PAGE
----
Why users need to take a “hands-on” approach to technology

Man with head down on his desk in front of his computer.Every time I hear someone lament about how their computer couldn’t possibly be working correctly, or it is somehow making their life more difficult because “it” should be here to “do that” (whatever the ubiquitous “that” happens to be), I enjoy handing them a hammer and nails and telling them they now have the tools to build their dream home… get to it.

Funny… another one of those articles written over 10 years ago that, until recently, I thought was completely irrelevant today – but after having worked with a few government entities that were deploying computers and new workflows for the first time – I found myself repeating much of the same mantra as I had with the introduction of new technologies and computers in both the Army and the Railway industries nearly 20 years before.

As with all these “older” articles – the fundamental truth remains valid today as it did then.

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Every time I hear someone lament about how their computer couldn’t possibly be working correctly, or it is somehow making their life more difficult because “it” should be here to “do that” (whatever the ubiquitous “that” happens to be), I enjoy handing them a hammer and nails and telling them they now have the tools to build their dream home… get to it.

On those rare occasions that I’m not immediately swatted up the side of the head, I’m often told “I can’t… I don’t know how”.

Yes… but you do have the tools in your hand that can “do that”.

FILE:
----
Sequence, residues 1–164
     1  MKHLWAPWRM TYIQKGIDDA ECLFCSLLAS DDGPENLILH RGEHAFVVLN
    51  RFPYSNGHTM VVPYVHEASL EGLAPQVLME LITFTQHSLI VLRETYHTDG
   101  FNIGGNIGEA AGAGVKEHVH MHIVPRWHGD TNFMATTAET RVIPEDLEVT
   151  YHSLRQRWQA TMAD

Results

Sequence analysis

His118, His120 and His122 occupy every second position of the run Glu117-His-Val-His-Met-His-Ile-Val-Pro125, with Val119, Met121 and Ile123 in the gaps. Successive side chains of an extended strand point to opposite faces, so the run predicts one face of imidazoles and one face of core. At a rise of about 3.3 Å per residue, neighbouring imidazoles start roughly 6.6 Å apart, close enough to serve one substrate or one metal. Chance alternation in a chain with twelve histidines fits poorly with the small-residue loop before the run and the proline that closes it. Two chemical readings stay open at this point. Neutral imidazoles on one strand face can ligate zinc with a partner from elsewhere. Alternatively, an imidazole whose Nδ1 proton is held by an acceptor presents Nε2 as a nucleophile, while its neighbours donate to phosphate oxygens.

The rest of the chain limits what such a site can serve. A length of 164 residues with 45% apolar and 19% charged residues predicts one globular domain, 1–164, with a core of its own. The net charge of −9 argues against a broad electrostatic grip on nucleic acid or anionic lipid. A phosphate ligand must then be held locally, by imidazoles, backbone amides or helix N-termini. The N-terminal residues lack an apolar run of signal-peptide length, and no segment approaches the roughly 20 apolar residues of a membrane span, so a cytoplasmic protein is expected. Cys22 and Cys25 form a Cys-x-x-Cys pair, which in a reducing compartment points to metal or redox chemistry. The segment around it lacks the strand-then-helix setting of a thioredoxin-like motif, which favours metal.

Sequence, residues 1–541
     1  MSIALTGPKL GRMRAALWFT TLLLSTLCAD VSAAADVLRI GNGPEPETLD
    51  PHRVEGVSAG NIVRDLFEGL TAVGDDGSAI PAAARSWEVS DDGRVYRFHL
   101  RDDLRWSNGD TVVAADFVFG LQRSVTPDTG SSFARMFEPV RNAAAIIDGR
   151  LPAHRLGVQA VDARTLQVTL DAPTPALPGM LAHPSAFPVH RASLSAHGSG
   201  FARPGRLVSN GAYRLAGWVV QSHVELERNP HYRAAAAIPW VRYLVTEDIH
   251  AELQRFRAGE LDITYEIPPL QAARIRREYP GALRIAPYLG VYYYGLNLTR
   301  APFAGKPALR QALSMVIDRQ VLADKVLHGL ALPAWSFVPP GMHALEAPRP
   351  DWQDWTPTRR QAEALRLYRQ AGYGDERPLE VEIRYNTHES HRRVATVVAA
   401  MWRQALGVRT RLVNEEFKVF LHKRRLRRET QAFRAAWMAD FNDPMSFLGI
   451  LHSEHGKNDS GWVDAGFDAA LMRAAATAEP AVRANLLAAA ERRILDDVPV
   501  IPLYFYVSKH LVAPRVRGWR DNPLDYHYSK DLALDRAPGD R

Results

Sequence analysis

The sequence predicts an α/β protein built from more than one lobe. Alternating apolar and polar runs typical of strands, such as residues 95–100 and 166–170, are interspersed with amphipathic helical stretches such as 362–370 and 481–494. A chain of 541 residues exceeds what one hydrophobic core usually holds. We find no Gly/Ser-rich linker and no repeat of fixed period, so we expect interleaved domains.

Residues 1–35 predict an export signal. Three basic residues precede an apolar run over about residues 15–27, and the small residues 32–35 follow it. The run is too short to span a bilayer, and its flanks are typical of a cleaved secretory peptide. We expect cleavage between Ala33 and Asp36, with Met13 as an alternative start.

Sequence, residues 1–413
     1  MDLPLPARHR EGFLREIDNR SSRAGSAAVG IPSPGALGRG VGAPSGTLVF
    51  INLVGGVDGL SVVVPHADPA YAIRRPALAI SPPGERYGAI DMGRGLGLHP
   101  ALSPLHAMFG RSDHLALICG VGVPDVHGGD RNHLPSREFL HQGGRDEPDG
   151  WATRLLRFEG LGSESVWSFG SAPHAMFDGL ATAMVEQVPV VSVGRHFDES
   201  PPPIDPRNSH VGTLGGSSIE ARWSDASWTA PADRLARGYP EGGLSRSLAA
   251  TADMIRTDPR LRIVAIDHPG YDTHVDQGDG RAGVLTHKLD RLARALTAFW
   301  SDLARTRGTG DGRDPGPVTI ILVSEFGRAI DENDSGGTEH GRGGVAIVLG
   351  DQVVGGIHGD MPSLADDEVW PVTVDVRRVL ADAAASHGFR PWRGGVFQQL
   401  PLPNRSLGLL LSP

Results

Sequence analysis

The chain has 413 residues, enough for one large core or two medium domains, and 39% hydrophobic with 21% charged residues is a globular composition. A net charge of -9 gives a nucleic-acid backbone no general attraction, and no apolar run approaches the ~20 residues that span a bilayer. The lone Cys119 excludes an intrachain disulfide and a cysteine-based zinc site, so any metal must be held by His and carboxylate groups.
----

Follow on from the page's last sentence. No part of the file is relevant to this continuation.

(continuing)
Users need to clearly understand that computers aren’t magic. Likewise, the myth that “technology will make all our lives easier” is one of the biggest lies since “income taxes are only an interim measure to pay for the Great War”. There is a balance; and the pivot point is the knowledge, skills and expectations of the user.

The fundamental “truth” that the users need to understand is that the computer is nothing more than just another communications tool… no different from a telephone, television or VCR.

It will not auto-magically perform all the tasks that will move us into a Roddenberry-esk (yes, that’s a Star Trek reference) era of only “happy work” and lots of leisure.
Regrettably, just as with programming a VCR, there is a requirement to spend some time learning about the new technology.

Users shouldn’t feel that the technology is being thrust upon them however… and that they are in some kind of do-or-die/learn-or-leave environment (unless that really is your corporate culture).

Contrary to other myths, computers have actually replaced very few people. Instead, workflow and business process change.

More often than not, the “personnel savings” that come from implementing these new information systems are quickly eaten up by the requirement for support staff, subject matter experts, or simply the redirecting of the efforts of the old staff away from their manual duties to now focus upon the benefits of the new system.

Efforts wind up being directed towards system validation and ensuring its operation derives the maximum benefit from the investment (engaging in tasks such as data integrity verification, report generation, monitoring, trend analysis, etc.).